The case underscores the secrecy and lack of legal accountability that continue to shield the system from independent oversight, despite years of escalating Congressional inquiries and new efforts by Obama administration appointees to promote transparency.
“We still do not know, and we cannot know, if there are other deaths that have never been disclosed by ICE, or that ICE itself knows nothing about,” said Tom Jawetz, a lawyer with the American Civil Liberties Union, which has been battling in court for months to obtain government records on all detention deaths, including the Freehold case and those named on the first government list, obtained by The New York Times under the Freedom of Information Act and published last year.
Read this story and pass it on.
April 02, 2009
Apparently, Mitt Romney finally read the memo that said you will NEVER become President if Hispanic Americans hate you. I warned him about this a year and a half ago. Romney told the Hill newspaper this about immigration:
Romney believes that one way to attract more minorities to the GOP is to pass immigration reform before the next election, saying the issue becomes demagogued by both parties on the campaign trail.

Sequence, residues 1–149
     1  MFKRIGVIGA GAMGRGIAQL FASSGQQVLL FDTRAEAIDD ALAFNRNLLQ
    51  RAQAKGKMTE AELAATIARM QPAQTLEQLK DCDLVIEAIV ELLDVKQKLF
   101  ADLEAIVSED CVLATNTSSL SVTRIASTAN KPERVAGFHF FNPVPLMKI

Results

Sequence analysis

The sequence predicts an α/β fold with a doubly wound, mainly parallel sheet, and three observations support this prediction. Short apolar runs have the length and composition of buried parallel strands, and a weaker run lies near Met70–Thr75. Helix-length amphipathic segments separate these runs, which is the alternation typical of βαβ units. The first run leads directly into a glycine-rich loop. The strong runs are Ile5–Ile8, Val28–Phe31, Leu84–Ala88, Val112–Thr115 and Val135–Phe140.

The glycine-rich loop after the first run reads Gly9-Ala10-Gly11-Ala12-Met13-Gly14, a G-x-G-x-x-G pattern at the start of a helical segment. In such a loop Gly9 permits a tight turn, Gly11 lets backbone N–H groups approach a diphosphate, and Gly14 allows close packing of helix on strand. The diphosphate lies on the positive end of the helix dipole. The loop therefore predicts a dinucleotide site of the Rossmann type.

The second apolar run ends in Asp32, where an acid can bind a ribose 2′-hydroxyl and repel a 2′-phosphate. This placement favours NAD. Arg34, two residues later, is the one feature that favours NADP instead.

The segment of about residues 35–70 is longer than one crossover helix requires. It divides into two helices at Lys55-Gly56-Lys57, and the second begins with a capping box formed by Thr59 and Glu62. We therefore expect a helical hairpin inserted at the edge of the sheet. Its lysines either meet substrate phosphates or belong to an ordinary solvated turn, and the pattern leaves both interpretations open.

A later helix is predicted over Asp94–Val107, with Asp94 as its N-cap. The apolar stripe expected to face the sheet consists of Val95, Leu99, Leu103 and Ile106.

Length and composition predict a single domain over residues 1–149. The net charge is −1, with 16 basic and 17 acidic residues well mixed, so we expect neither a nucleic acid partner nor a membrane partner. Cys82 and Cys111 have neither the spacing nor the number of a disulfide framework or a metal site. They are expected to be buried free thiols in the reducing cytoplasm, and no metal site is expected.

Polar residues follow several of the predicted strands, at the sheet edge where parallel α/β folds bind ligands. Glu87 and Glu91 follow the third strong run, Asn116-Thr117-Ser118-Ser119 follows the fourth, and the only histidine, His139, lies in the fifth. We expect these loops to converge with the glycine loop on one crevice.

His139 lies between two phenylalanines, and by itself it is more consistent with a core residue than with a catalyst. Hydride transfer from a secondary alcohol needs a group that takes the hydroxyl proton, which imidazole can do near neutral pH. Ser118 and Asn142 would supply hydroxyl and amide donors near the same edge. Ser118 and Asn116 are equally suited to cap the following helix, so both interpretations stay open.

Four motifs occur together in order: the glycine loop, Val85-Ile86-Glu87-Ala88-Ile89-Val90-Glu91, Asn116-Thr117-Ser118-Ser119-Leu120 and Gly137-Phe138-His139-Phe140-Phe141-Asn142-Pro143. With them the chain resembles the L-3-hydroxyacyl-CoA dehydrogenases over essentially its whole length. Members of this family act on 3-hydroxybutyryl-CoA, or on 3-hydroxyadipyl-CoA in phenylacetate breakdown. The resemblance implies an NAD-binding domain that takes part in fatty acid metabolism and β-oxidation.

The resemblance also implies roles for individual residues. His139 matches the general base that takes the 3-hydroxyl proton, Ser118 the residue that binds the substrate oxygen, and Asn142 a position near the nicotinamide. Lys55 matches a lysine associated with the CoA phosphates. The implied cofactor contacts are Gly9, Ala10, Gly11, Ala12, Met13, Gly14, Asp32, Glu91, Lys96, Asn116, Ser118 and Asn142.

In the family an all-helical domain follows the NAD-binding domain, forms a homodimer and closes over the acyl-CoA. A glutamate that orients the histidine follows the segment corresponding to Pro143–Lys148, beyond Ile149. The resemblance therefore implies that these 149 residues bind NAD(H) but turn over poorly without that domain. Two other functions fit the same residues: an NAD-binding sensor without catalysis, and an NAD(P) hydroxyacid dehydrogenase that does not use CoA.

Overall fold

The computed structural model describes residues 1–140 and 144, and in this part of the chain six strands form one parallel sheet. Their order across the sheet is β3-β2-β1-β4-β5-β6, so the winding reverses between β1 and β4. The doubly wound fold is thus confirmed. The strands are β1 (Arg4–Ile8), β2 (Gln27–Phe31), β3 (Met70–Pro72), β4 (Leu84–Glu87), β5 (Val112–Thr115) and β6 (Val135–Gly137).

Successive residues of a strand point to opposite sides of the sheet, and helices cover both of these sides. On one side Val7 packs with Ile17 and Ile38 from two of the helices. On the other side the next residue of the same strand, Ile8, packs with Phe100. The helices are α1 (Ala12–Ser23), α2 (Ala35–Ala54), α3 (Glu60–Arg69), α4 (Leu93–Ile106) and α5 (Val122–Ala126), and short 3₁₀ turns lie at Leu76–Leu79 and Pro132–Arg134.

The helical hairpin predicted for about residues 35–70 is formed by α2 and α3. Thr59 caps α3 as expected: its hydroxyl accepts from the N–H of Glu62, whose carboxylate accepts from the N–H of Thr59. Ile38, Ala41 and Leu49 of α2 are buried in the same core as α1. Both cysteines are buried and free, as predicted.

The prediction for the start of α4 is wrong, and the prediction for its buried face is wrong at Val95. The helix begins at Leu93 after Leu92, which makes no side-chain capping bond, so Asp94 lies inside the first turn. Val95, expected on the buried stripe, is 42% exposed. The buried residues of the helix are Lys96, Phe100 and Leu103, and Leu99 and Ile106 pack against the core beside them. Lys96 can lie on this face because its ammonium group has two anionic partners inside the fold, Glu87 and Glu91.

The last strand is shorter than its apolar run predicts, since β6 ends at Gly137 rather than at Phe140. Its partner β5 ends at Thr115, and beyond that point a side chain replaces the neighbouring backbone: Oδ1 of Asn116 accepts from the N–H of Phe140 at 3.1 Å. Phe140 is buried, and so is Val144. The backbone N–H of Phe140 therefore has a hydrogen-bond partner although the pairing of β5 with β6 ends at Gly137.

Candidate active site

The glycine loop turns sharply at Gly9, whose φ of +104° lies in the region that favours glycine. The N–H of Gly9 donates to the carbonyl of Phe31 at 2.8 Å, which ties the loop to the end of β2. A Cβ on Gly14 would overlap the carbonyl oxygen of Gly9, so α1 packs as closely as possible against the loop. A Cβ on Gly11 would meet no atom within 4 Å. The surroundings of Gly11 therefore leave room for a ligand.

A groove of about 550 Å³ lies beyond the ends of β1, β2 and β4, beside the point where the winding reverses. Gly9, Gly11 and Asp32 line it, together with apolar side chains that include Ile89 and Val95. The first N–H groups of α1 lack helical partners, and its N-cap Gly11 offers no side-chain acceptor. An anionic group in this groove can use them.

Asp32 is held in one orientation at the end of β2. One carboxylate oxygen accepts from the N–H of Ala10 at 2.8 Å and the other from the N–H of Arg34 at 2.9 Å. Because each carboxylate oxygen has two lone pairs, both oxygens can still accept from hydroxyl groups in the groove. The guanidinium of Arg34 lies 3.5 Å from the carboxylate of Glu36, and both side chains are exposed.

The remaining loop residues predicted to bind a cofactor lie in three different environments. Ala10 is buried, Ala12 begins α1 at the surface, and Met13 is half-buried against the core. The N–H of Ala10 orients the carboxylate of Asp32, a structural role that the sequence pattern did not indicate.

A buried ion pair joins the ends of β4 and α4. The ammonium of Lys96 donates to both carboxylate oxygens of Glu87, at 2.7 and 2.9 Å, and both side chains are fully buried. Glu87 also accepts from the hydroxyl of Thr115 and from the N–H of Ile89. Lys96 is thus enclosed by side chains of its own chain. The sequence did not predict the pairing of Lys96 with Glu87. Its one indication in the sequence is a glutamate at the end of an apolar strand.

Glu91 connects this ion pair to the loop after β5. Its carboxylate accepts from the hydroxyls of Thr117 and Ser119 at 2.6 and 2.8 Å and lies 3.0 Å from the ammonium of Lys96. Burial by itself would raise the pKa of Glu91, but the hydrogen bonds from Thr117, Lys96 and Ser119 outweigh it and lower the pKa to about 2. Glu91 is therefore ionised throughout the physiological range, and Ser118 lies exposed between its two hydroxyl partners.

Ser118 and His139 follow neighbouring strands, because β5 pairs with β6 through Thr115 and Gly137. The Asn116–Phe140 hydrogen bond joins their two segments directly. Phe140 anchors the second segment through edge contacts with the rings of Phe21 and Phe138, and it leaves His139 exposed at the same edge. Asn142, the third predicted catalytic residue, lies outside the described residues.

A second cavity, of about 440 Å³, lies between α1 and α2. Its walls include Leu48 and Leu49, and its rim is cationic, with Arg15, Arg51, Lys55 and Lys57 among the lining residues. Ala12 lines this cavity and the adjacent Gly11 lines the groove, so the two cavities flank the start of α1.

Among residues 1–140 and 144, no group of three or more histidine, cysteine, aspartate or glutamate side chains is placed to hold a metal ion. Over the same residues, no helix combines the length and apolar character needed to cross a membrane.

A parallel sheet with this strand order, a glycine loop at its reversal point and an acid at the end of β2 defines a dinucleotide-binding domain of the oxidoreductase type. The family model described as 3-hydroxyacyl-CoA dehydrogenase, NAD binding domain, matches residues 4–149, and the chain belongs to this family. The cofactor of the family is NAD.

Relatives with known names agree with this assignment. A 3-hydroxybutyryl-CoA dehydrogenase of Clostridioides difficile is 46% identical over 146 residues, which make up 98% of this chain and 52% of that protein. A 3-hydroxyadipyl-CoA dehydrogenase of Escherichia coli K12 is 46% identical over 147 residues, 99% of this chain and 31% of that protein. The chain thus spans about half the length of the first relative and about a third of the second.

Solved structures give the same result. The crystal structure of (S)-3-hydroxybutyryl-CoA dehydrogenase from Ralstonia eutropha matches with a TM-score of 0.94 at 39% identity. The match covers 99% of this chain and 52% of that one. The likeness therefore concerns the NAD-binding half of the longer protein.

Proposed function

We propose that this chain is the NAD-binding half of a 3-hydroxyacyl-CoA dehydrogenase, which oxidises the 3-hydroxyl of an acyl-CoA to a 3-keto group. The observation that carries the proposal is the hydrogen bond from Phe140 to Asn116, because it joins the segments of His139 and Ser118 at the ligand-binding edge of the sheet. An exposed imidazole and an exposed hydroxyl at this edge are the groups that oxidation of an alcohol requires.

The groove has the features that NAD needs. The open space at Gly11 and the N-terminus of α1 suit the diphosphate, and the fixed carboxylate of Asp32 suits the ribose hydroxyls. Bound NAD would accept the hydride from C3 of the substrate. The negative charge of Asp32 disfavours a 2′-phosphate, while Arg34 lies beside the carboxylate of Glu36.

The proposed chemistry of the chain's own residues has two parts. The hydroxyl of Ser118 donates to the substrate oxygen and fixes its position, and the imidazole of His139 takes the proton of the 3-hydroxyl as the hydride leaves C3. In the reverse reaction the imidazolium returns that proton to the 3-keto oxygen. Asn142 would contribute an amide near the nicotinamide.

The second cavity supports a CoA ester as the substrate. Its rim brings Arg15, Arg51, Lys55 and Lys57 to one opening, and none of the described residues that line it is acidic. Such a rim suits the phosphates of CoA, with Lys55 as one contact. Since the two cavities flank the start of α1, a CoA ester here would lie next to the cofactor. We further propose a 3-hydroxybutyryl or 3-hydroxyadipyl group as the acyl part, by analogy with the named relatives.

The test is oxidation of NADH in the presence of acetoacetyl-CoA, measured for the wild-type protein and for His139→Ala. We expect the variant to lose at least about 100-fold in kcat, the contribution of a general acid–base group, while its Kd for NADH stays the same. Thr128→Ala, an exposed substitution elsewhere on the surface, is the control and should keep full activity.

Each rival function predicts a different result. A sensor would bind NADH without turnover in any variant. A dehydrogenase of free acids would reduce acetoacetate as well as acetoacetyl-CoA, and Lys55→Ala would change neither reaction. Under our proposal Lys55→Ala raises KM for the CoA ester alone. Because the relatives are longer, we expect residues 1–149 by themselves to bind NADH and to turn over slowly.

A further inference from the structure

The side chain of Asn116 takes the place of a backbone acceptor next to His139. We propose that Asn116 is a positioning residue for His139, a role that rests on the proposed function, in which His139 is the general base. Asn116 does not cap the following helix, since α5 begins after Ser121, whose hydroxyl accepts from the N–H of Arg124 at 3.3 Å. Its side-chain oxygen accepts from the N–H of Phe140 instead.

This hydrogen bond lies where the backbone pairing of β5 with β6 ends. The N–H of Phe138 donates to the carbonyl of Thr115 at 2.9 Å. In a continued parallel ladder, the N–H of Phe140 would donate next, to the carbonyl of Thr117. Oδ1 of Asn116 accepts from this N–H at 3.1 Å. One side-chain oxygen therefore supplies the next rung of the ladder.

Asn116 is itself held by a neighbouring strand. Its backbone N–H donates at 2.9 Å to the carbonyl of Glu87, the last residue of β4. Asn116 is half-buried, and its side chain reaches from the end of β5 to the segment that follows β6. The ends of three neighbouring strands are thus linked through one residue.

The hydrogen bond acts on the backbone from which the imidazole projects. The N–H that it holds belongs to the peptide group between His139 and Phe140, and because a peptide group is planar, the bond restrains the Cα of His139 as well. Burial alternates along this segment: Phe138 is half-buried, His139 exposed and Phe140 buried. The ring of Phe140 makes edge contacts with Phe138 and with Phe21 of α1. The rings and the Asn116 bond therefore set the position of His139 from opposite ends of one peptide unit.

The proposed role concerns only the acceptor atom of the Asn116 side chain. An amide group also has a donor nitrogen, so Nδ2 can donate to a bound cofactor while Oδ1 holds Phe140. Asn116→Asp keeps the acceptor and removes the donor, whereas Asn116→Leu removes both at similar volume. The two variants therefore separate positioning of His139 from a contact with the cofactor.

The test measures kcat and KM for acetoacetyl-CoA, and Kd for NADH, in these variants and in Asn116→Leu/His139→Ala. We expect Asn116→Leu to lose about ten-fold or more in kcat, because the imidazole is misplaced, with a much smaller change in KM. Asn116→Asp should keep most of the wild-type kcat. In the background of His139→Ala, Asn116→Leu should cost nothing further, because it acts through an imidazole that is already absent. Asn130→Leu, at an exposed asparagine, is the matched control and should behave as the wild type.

The Houston Chronicle has run a report showing Immigration and Customs Enforcement is paying detained immigrants in Houston detention centers $1 per day for performing work such as cleaning, doing laundry, washing dishes, working as barbers, working in the medical clinic and more. 11,000 detainees participated in the Houston work program over the last year. ICE insists the program is voluntary, but some are seeing an irony:
April 01, 2009
When I was a rookie lawyer nearly 20 years ago, I remember being thoroughly embarrassed because I calculated a fee incorrectly on a visa application and ended up costing the client several weeks delay in getting their visa. It's a mistake that was easy to make given the myriad of forms and separate fees that are included in many applications. And I've learned over the years that this is one of the public's top frustrations with dealing with USCIS.
It's also one that is potentially the easiest to solve, particularly in the Internet age. USCIS' Ombudsman has issued several helpful suggestions for how USCIS could better handle fee payments.
I'm glad one of America's greatest companies is not afraid to tell it like it is on the subject of skilled worker immigration even if they'll get flak.